How Physical Therapy Can Help Treat Nerve Damage

Physical Therapy Patient Using Physiotherapy BandsMovement is complicated, and the anatomical structures that make it happen are equally complex. A lot of factors go into preserving a body’s mobility. For people that have suffered nerve pain, recovery can feel like a never-ending saga. Nerve pain tends to be very distinctive, disruptive, and often chronic. Because of the nature and function of the nerves, treating this type of pain can be difficult. Physical therapy techniques, however, have proven to be effective to this stressful condition. 

Are you looking for some relief from chronic nerve pain? Call P3 Physical Therapy to learn about how we can help. 

The Complexity of Neuropathy and Common Treatments 

Nerve pain—also known as neuropathic pain or neuralgia— is acute or chronic pain caused by a functional impairment in the nervous system. The feeling of neuropathic pain is quite different from other types of pain such as muscle pain or pain that originates in the joints. 

Nerve pain produces more of a tingling or numbness. People will also often experience a shooting pain or stabbing sensation. This description likely fits the bill for nerve pain and indicates direct irritation or injury to the nerve. 

Neuropathic pain can be tricky to treat or mitigate because of how the pain manifests in the body. For example, if a person suffers a bulging disk injury, this will likely press on a nerve and send the pain down to the glutes or the leg. If there is nerve damage in one part of the body, the pain can shoot to another part of the body. 

How does Nerve Pain Originate? 

Pointing out the origin of the pain requires a deep understanding of your condition or injury and a thorough medical exam, but it can generally be a result of damage to tendons, muscles, or joints. 

Nerve pain can also happen due to traumatic injuries, infections, metabolic problems, inherited conditions, thyroid issues, Vitamin B deficiencies, excessive medication intake, etc. A medical professional will establish whether the pain is a neuropathic pain and where it might be originating based on where you feel the pain and what it feels like. 

Signs of neuropathic pain: 

  • Feels like burning or tingling
  • Sharp jabbing pain
  • The pain comes and goes
  • Sometimes it is a shooting pain 

Types of neuropathic pain:

  • Peripheral neuropathy
  • Autonomic neuropathy
  • Entrapment neuropathy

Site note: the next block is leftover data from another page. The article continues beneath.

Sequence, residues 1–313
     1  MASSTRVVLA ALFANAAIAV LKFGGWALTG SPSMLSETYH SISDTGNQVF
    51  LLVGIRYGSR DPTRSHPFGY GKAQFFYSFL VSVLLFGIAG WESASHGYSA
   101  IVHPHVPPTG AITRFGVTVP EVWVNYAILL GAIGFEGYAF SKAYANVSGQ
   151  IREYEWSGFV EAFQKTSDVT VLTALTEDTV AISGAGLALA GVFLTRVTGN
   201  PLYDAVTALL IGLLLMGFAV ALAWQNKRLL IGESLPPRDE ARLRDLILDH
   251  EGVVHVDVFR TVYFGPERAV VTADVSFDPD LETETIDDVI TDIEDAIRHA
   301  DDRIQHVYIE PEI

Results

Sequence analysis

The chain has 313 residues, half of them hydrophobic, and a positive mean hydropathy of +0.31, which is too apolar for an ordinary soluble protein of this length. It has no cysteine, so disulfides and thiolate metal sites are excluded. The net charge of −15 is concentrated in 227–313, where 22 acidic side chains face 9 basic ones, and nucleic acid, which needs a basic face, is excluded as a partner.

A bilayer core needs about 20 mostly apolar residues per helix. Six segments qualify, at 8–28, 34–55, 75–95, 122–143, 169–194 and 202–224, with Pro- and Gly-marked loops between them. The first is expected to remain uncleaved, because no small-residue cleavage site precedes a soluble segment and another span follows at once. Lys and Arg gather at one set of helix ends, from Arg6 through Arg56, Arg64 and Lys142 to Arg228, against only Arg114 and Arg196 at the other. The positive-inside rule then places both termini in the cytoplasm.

• Phantom limb pain
  • Focal neuropathy
  • Proximal neuropathy
  • Trigeminal neuralgia 

How Does Physical Therapy Help People With Nerve Pain?

Physical therapists are movement specialists that seek to restore health to the body to reduce pain and improve the ability to move. Depending on what kind of nerve pain, its causes, and the patient, the approach may vary. 

Common approaches include:

#1 Strengthening exercises

  • A large component of physical therapy has to do with strengthening the body and muscles so that they function properly, restore range of motion, and increase blood flow. When it comes to treating nerve damage, strength training is also a major component of mitigating pain. Doing guided exercises and targeted stretching can sometimes provide some relief. 

#2 Manual Stretching

  • Stretching muscles is an effective way to releasing tension and improving posture. When muscles and tendons become too tight, it can cause tension that often manifests as nerve pain. 

#3 Soft Tissue Manipulation 

  • When it comes to sprains, tendonitis, or other stress injuries, soft tissue manipulation is also used to improve tension. 

#4 Range of Motion Exercises 

  • Range of motion can tell your physical therapist a lot about problem areas that need to be addressed. If you are lacking in mobility, improving this range of motion can be effective in releasing tension, improving circulation, and releasing pain. 

#5 Balance and Coordination Activities

  • For people that suffer from peripheral neuropathy, improvements to balance and coordination can help. These exercises are targeted at reducing the feeling that you are falling. 

Using TENS (Transcutaneous Electrical Nerve Stimulation) in Physical Therapy 

Depending on the kind of pain you are experiencing, your physical therapist might recommend the use of a TENS machine. This device is a battery-operated device that is connected to sticky pads called electrodes. These sticky pads attach to the skin and, when placed appropriately, can help relieve pain and relax muscles in certain areas. The process can also spark the production of endorphins, which are the body’s painkillers. 

Are You Suffering From Nerve Pain? Contact a Movement Specialist 

If you’re suffering from pain, there is treatment out there. Physical therapy is a non-invasive treatment that helps you learn about your own condition and improve your movement through exercise, manual therapies, and electrical stimulation. 

Are you looking for relief from your pain? Contact the team at P3 Physical Therapy in El Paso and learn more.